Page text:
I currently have two and a half chickens who think they’re penguins. I’ve never seen anything like it before.

Reginald is the first one to permanently adopt the upright stance and waddle of a penguin. For the first three or four months of his life he was to all intents and purposes a perfectly normal chicken. Then, pretty much overnight, he began to stand like this.

I did some research. I found a Daily Mail (yes, you may spit on the ground now) article from 2014 about a chicken in China who walked upright and gathered a huge internet following. Its owner reckoned it’s weird stance was due to osteochondrosis.

Off I went to look that up but I’m not sure it fits for Reginald. Osteochondrosis is usually found in broilers that are forced to grow, by overfeeding, quicker than nature intended. The bones aren’t strong enough to support the weight and deformities ensue. Our Reg has free-ranged since coming out of the nursery and led a very healthy, normal life for a chicken. His legs are good and strong. He’s actually a very robust fella.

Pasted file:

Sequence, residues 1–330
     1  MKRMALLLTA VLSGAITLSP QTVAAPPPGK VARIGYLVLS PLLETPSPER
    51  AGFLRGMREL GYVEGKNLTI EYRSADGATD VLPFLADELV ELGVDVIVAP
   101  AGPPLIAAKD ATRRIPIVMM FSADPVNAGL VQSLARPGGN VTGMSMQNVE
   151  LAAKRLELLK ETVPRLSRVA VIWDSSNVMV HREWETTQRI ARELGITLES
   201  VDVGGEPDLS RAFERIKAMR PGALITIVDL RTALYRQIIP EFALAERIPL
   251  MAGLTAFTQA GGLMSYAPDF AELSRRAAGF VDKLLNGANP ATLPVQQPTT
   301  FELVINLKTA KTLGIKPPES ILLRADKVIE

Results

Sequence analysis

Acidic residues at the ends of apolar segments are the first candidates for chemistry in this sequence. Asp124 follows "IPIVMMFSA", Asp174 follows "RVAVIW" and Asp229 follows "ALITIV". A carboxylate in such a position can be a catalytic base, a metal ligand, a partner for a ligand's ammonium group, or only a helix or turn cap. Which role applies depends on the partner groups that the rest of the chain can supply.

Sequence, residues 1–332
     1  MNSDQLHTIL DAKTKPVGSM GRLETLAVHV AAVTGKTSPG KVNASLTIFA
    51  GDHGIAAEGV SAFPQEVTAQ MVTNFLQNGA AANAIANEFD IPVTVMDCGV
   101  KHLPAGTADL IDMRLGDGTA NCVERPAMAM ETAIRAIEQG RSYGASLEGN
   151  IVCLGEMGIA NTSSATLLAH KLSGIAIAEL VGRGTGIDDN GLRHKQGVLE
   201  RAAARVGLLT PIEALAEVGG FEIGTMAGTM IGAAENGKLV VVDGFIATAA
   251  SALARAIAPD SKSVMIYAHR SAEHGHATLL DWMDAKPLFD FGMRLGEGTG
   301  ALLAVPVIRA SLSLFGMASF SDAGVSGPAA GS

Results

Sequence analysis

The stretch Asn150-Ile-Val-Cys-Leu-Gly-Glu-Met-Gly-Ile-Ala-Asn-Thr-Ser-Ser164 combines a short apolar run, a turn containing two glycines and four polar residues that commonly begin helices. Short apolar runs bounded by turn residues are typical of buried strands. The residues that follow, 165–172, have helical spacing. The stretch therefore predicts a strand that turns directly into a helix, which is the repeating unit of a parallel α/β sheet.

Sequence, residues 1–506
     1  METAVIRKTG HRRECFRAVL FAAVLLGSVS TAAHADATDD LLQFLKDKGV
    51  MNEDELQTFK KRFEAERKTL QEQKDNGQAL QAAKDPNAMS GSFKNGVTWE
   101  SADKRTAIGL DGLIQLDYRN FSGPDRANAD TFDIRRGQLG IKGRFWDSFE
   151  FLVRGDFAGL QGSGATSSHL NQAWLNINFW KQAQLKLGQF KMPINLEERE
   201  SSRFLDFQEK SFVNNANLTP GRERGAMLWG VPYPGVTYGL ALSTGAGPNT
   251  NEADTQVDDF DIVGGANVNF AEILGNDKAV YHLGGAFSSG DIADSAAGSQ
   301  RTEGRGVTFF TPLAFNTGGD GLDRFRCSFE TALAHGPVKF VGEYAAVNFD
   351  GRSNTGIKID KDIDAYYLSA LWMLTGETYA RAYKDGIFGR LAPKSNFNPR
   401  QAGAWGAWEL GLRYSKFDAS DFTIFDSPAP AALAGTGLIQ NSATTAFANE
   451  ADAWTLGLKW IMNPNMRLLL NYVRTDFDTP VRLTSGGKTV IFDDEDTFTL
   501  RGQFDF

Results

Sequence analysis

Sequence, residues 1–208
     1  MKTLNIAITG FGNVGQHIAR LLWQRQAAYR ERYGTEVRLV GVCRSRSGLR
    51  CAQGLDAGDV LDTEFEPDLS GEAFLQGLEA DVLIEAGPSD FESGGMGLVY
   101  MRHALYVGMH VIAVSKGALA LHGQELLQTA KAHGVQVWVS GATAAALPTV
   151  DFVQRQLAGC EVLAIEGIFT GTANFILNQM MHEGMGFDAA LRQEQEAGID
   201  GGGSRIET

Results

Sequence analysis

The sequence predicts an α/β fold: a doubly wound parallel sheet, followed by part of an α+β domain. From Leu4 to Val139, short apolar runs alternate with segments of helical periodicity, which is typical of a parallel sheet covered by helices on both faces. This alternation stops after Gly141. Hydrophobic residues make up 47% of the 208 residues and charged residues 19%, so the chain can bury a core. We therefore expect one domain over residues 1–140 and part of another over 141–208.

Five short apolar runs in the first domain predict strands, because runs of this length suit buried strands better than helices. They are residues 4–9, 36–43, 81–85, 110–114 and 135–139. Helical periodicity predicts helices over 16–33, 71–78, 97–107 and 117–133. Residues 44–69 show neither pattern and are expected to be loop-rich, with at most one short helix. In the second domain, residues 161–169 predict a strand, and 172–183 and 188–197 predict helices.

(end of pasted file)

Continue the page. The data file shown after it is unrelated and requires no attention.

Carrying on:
Another possibility was ascites. This is where fluid accumulates in the abdominal cavity and drags the stomach down and thus the chicken’s body tilts back. Reginald doesn’t have such fluid, and thank goodness as this is a nasty disease for the bird concerned.

I’ve also ruled out chondronecrosis and enterrococcal spondylitis because these would result in Reg being a poorly, splay-legged critter.

One of the next set of Brahma chicks (some cross-bred, some pure) suddenly started showing symptoms, and at a much younger age than Reginald. Here’s Pingu. Again, he’s a feisty, robust fellow (or possibly fellowess, still a bit soon to be sure) who appears healthy and happy, just not the right shape for a chicken.

I’ve noticed one of his siblings occasionally showing the same stance too.

So since all three have the same father, Chickzilla, I suspect it’s a genetic problem. There’s apparently a tendency for Brahmas to develop cataracts (and we’ve had one with definite vision problems) and crooked toes, but neither of those cause such penguinism. I shall have to invest in a new Brahma cockerel. Fortunately the chicken show season is about to start so I should be able to find one in the coming months. Cute as Reginald and Pingu look, and as pain-free as they appear to be, it’s neither a good idea nor good husbandry to keep breeding youngsters that might develop this condition.